Jobs to go as Telegraph reveals “digital revolution”

The Telegraph Group has announced plans for further job cuts and a multi-million pound investment programme in technology and staff training.

The changes will come as the Telegraph completes its move from Canary Wharf to Victoria in November. The company has also revealed that plans to convert the paper to full colour will be finalised next month.

Chief executive Murdoch MacLennan said: “The huge investment is designed to make the Telegraph the cutting edge media group in the United Kingdom. It will allow us to make the utmost use of the massive opportunities offered by the digital information revolution. What we are in fact doing is to begin reshaping the face of the industry.”

The Telegraph has promised to radically change the news production process to enable it to provide “news and information 24 hours a day across a wide range of platforms”.

In a letter to staff, MacLennan said: “The competition – not just from our traditional print rivals – is changing, growing and becoming fiercer. Readers are migrating online, and advertisers are following them. People are demanding customised news, wherever and whenever they want it. We have to adapt to these realities, or face a future of decline which goes to the very heart of our business.

“As big as the challenges are, there are unparalleled opportunities, too. In a multi-media world, strong brands will flourish. And The Telegraph – with its hallmarks of honesty, integrity and reliability – is perfectly placed to become the digital market leader in news and comment.”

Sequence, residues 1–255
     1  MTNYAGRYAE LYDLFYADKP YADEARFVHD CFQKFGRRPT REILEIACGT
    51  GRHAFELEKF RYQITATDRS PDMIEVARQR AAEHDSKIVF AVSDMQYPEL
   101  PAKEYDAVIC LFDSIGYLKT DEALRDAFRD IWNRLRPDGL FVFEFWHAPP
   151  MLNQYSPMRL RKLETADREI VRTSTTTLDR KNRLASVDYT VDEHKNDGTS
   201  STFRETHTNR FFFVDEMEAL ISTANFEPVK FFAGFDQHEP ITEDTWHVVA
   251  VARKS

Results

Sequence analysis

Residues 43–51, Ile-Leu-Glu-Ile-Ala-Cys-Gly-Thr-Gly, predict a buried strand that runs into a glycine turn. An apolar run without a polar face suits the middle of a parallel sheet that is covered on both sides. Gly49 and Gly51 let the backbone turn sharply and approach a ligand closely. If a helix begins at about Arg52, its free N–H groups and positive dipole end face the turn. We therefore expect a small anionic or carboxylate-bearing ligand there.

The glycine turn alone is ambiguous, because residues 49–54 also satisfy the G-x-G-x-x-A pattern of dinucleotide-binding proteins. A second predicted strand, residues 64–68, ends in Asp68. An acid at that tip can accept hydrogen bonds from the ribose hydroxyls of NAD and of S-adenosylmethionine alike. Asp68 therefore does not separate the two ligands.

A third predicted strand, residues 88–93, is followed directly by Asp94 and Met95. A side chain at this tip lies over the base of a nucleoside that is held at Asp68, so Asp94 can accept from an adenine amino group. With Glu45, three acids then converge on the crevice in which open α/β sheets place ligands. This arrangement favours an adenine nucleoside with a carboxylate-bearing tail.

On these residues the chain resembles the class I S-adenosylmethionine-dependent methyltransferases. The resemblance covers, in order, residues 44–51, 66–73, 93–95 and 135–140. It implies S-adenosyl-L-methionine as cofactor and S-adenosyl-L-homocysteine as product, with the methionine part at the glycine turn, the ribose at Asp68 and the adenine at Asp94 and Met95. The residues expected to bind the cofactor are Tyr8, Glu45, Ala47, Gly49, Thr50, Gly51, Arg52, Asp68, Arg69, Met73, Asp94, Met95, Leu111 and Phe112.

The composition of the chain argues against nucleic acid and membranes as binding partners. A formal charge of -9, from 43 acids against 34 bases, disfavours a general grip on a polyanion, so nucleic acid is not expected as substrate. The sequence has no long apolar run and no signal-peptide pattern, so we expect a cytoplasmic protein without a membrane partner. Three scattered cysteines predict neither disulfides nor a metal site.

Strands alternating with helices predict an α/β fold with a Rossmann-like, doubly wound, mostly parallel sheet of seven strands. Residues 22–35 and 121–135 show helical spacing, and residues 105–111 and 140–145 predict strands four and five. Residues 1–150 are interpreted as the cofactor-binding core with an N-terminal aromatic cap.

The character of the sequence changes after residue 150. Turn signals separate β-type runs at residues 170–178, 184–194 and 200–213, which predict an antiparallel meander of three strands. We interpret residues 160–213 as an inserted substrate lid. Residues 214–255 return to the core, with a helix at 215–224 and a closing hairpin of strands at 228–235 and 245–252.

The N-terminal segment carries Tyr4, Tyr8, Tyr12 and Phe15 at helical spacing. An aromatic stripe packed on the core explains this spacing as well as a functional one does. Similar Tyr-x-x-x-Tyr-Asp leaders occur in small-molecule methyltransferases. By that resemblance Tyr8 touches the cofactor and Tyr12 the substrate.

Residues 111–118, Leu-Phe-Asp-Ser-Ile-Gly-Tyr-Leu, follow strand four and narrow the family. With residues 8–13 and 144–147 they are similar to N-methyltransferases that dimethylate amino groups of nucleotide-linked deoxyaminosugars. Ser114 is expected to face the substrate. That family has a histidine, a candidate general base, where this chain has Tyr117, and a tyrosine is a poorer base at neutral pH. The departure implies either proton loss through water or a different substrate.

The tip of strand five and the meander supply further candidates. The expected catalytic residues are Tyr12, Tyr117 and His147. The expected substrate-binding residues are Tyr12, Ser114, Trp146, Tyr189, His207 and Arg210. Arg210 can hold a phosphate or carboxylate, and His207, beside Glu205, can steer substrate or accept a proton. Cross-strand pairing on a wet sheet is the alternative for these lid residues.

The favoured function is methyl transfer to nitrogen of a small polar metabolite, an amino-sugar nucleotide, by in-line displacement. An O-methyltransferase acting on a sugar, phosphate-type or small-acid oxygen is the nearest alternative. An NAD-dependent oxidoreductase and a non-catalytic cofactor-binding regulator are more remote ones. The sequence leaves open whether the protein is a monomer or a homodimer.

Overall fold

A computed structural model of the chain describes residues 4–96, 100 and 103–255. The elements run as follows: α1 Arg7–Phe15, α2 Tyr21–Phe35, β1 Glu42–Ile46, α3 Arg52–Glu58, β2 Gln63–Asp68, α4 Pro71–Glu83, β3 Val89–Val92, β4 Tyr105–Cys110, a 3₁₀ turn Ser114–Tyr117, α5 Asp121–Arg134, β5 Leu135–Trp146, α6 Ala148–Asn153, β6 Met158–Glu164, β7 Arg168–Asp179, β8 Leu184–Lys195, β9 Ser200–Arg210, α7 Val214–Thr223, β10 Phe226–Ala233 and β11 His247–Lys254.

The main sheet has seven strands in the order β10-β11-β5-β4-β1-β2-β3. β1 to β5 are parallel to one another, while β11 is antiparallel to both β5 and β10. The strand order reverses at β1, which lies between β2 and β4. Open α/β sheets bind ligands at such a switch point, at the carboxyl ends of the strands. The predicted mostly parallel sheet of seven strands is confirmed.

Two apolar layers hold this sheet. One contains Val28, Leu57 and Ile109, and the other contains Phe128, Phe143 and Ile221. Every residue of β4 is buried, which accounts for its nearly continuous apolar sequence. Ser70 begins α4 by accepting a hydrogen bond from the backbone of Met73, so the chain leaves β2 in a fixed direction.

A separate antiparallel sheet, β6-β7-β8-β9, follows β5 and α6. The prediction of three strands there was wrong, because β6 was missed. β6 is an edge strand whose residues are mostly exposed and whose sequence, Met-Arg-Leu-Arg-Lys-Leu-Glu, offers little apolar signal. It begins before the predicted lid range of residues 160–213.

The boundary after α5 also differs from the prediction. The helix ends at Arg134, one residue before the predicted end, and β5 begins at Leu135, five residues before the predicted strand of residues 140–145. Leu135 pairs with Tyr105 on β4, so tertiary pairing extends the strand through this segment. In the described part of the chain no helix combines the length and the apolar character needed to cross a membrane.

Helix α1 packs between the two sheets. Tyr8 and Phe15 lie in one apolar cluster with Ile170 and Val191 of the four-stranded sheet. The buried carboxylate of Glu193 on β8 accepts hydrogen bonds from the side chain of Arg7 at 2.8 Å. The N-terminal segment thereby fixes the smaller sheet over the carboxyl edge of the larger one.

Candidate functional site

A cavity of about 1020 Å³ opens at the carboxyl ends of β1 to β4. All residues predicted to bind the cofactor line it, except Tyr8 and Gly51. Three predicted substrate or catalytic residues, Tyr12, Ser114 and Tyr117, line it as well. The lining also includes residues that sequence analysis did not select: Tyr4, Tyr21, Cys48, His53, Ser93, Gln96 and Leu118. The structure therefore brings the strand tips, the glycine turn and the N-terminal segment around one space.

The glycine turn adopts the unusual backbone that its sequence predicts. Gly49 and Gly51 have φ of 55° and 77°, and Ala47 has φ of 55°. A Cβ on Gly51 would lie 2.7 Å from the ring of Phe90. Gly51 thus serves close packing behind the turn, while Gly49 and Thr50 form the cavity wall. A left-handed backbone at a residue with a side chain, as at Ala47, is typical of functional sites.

He added: “Some aspects of our news operation have not altered significantly in decades. The digital revolution is rapidly making them obsolete. When we move, we must take the opportunity to do things differently, particularly in the way we produce our content…

“We have reached a view that there will be some job losses. The proposed extent of these is still under consideration. We will later today begin a process of consultation with staff and staff representatives.

"In due course, those who are likely to be at risk of redundancy will receive a letter informing them, and setting out the individual consultation we will undertake before final decisions are made.”

The move to Victoria is to begin “shortly” with the business section going first, then the other departments towards the end of this month and in October.

In February, 2005, some 90 journalists took voluntary redundancy. The cuts were needed, the company said, to help fund a £150 million re-pressing programme.

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